Weekend Reading: Cooking with Grandmothers, Blender Physics, Flowerpot Bread, and More

A look at what we're reading, cooking, and clicking this week

Gabriele Galimberti

• [Pictured above] Italian photographer Gabriele Galimberti has done a few around-the-world themed portrait series, many of which are featured on his website: there's children with their toys; CouchSurfers; and even grandmothers posing in their kitchens. In the grandmother series "Delicatessen with Love", each portrait is flanked by a picture of each granny's most-loved dish, along with a recipe for making it. —Karen Shimizu

• One of my all-time favorite sandwiches in New York is the Sofia at idiosyncratic Italian sub joint Alidoro: salami, mozzarella, artichoke, and tangy olive spread on a chewy, earthy focaccia wedge. But at least half the pleasure in this sandwich is ordering it: Alidoro owner Walter Momente runs things exactly the way he wants, which means no tomatoes, no mayo, no substitutions, no having-it-your-way—all of which is on display in The Atlantic's charming little video about a day in the life of Alidoro, which is making me really hungry for (another) lunch. —Helen Rosner

• My friend Kilolo Strobert works with a remarkable man, Yannick Benjamin, a sommelier who ended up paralyzed from the waist down after a car accident a decade ago, when he was just 25 years old. That didn't stop Benjamin from continuing to pursue a career in wine. As per a recent article by Lettie Teague in The Wall Street Journal, you can find Benjamin, who often holds free seminars for disabled wine lovers, at Le Duc's Wines in lower Manhattan, where he'll give you awesome advice on Burgundys. —Betsy Andrews

• I've been in a hole for the last few weeks (we were closing an issue! Not my fault!) but the other day I came across this awesome video on Wired, courtesy of ChefSteps, explaining the physics of the blender. For those of you who were also in a hole, now you can use the word "cavitation" when you talk about your morning smoothie. You're welcome. —Sophie Brickman

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redhongyi

Credit: Hong Yi

• Hong Yi, a Malaysian artist who goes by the nickname "Red," posts photos of food on Instagram [pictured]—but hers are not the kind you'd expect. Instead of what she's having for lunch, she shoots plates that have been transformed into tiny canvases: landscapes made of cucumber, reproductions of famous paintings made from rice and seaweed, and even condiments turned into the iconic Campbell's soup can. I look forward to her little tableaux in my feed every morning. —Laura Sant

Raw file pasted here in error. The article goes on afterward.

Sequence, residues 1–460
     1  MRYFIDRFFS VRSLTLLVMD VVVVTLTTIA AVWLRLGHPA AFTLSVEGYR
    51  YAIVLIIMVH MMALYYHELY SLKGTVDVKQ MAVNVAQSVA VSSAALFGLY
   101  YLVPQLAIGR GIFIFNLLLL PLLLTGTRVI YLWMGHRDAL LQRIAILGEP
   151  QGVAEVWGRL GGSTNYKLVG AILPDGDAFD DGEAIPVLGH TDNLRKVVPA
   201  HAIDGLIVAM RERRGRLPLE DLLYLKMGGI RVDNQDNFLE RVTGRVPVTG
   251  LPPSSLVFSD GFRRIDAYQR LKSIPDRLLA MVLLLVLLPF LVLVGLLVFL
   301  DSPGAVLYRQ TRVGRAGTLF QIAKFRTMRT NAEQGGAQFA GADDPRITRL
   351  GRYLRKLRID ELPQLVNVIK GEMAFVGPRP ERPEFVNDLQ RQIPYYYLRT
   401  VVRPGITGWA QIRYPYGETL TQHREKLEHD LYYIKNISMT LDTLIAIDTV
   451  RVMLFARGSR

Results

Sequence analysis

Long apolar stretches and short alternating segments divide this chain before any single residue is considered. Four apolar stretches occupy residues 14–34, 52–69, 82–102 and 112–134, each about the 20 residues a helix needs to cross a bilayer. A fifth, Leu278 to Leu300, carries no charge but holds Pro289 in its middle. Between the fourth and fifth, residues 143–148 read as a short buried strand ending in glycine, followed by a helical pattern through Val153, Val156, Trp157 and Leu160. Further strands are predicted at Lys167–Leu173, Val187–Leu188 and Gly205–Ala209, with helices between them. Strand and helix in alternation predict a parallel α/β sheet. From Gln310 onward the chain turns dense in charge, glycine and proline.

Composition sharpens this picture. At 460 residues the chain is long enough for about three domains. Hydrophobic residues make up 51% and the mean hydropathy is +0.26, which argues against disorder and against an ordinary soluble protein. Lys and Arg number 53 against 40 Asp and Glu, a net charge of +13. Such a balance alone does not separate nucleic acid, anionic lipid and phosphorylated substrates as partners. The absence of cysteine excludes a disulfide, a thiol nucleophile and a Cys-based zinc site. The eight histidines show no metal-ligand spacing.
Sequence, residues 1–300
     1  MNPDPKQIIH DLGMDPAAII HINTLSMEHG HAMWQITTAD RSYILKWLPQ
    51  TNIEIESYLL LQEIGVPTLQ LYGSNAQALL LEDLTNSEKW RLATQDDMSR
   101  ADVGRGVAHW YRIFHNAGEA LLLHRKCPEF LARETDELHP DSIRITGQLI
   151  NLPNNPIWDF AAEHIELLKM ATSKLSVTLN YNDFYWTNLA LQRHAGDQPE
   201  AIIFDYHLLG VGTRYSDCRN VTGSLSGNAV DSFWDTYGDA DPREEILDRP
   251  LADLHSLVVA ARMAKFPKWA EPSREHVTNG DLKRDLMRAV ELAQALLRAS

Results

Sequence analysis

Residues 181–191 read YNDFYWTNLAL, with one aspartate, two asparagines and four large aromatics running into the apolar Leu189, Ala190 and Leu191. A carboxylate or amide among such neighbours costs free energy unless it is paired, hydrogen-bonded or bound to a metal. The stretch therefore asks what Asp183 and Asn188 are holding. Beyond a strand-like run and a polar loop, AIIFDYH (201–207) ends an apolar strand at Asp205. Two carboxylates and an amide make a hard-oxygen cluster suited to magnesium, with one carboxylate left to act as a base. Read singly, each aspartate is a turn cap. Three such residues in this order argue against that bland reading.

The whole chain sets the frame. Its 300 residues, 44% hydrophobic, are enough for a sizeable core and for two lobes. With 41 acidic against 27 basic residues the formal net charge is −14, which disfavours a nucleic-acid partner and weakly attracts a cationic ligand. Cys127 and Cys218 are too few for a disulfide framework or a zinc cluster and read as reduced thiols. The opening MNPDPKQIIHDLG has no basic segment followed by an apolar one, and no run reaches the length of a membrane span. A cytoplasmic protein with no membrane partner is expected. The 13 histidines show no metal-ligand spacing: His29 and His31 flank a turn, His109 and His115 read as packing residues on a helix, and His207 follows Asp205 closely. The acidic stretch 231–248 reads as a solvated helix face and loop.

• Nabokov will always be my favorite synesthete, but it seems some chefs and sommeliers may have a leg up on him (and the rest of us) when it comes to taste. This article on NPR's blog The Salt touches on what it's like to taste music and smell in colors. —Anna Perling

• This New Yorker review of Bee Wilson's Consider the Fork: A History of How We Cook and Eat is a fairly thorough introduction in itself to the fascinating history of the modern kitchen and all things in it—the now-mundane but "formerly weird" fork, favorite coffee mugs, and the surprisingly recent development of the human overbite. All this information only made me want to read more, and Consider the Fork can now consider itself the next book on my reading list. —Camille Bromley

• This week I've been cracking up over an old classic on YouTube: Felix the Cat's "The Guardian Idiot." I never get tired of the hilarious (and pretty political) image of people stuffing themselves with burgers, and the hilarious and strange meat song that starts the episode off. —Felicia Campbell

• This past Wednesday I celebrated my birthday with a delicious meal at Brooklyn restaurant Anella, and the surprise highlight of the evening was the house-baked bread that started us off. Warm, crisp-on-the-outside yet soft-on-the-inside, and presented in the clay flowerpot in which it was cooked. I decided to take a crack at making my own, and found this rustic-looking recipe. Filled with feta, tomato and rosemary, I've found the future star of my next brunch party. —Elsa Saatela